ArmaLite, to Stoner’s objection, pushed the cutting-edge aspects of the rifle too far in the submitted prototypes, proving the AR-10’s downfall. In particular, its aluminum-steel composite barrel, the first of its kind, burst during the 1957 torture test. The failure marred the AR-10 for the remainder of the trials and the rifle never recovered in the eyes of the military, even with ArmaLite replacing them with steel barrels after the incident.
It must have been a bitter pill for Stoner to swallow, given his rifle had won high marks up to that point. Gun writers of the time noted testers were impressed with his creation, even going so far as to say it was the best battle rifles ever put through its paces at the Springfield Armory. High praise, especially since it was up against other legendary rifles, such as Fabrique Nationale’s FAL and the trial’s eventual winner the M14.
The AR-10 didn’t go down in the annals of U.S. Military history itself, however, it still left its mark. A scaled-down version of the design, what we know as the AR-15, was submitted to the military trials and was eventually adopted by the military, designated as the M-16 in the mid-1960s.
Despite missing its opportunity to serve as the U.S. Military’s primary arm, the AR-10 nevertheless saw its share of action. ArmaLite licensed the design to the Dutch manufacturer Artillerie-Inrichtingen, where variations found their way into military service on every continent, the first being in Africa.
Sudan bought the first batch of Dutch-made AR-10s — 2,500 of them — in 1958. This rifle, known logically as the Sudanese model, featured a flash suppressor instead of the original muzzle compensator, a fluted steel barrel to reduce weight, bayonet lug, sight graduations in Arabic and a steel butt plate. Additionally, the gas tube was moved from the left of the rifle to the top in the configuration familiar today.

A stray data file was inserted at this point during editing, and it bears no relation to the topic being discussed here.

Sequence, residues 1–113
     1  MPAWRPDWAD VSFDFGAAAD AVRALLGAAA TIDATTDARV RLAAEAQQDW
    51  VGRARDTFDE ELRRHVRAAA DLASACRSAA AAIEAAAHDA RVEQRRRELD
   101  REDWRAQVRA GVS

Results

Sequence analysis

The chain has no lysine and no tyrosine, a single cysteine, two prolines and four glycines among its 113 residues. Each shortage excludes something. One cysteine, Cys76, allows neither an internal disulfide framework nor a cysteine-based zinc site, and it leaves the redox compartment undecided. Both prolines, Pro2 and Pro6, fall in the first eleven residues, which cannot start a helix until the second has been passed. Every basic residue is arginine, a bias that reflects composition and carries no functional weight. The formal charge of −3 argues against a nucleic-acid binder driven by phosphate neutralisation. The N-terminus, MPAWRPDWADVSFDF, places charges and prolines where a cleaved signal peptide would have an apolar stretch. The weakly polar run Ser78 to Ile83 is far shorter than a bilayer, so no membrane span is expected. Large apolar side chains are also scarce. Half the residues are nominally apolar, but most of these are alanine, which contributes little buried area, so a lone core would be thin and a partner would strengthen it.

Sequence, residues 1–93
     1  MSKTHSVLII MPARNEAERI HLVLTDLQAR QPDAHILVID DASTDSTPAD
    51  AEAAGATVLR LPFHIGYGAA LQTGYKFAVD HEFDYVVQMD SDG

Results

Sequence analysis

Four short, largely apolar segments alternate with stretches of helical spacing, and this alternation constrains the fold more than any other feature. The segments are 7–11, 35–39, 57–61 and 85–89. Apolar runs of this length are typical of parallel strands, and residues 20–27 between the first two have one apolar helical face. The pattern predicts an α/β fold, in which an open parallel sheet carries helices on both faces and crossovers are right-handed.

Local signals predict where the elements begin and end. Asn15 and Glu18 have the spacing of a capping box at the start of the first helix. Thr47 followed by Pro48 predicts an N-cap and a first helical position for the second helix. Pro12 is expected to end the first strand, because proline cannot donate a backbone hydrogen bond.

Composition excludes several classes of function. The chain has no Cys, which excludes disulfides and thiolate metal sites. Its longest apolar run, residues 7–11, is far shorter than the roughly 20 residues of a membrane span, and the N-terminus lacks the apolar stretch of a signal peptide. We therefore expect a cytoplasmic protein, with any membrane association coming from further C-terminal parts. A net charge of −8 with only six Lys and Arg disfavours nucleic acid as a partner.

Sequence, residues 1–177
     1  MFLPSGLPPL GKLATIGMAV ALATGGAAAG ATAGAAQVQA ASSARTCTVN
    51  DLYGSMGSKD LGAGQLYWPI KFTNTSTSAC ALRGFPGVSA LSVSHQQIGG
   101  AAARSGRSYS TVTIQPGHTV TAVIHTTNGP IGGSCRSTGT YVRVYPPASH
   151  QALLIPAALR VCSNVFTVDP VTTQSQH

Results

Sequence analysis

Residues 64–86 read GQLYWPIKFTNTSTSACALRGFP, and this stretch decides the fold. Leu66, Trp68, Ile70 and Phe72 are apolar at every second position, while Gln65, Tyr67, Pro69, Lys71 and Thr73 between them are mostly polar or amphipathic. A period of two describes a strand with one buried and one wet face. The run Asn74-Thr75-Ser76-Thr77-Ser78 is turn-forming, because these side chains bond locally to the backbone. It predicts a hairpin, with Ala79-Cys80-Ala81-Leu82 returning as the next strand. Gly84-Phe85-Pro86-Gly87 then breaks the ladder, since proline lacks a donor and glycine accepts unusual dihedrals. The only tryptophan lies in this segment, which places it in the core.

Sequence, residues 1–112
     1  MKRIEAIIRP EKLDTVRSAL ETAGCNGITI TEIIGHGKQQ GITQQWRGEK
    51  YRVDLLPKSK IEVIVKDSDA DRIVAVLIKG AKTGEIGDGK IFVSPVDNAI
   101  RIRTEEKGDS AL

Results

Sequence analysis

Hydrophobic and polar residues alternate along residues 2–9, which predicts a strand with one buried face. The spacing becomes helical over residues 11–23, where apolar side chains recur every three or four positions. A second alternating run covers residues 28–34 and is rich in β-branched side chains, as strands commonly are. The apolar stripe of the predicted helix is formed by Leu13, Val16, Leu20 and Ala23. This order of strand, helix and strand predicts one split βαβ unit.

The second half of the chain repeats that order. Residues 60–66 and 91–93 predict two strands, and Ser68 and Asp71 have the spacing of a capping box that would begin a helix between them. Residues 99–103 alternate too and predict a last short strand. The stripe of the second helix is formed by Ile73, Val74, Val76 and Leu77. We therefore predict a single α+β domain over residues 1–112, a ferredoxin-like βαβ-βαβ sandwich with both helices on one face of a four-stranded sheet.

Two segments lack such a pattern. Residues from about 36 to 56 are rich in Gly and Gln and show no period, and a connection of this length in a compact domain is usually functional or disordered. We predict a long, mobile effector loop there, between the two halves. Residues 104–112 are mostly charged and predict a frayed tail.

The other well-known configuration named for a nation who purchased it was the Portuguese model. Procured in 1960, the rifle included a telescoping charging handle that doubled as a forward assist and also featured beefed up locking lugs (enhancing the bolt’s strength), improved extractor and simplified three-position gas regulator. Additionally, it had a chrome-lined barrel to help resist fouling and erosion, a feature that would eventually become standard on the early military versions its little brother — the AR-15.
Other countries — Guatemala, Burma, Italy, Cuba — purchased the rifle, but it perhaps saw the most live action in Africa. In Sudan, it was used by the country’s special forces until 1985 and was employed against guerrilla forces and clashes with neighboring countries. The AR-10 was also a mainstay in the Sudanese Civil Wars. In Portuguese hands, it fought nearly 13-year Portuguese Colonial War in Angola, Guinea-Bissau and Mozambique.
Despite gaining some international military traction, the ArmaLite focused on to what it believed to be its more gifted child — the AR-15. The move left the AR-10 to languish from early 1960 on through the 1990s.
The design’s prospected lightened near the mid 1990s, when Knight Armament teamed up with Eugene Stoner to resurrect the AR-10. However, the focus of the rifle changed somewhat, from battle to sniper rifle. Pegged as the SR-25 (Stoner Rifle), the revamped design featured a number of accuracy enhancements, including a longer heavier barrel. Furthermore, it was 60-percent compatible with the ubiquitous Mil-Spec AR-15 making it easier to manufacture and maintain.
The SR-25 caught the attention of the right people. Eventually, it was adopted by the United States Special Operations Command and designated as the Mk11 Mod 0 sniper rifle. More recently, the U.S. Army replaced its long-toothed M24 Sniper Weapon System with an evolution of the Mk11, the M110 SASS (Semi-Automatic Sniper System).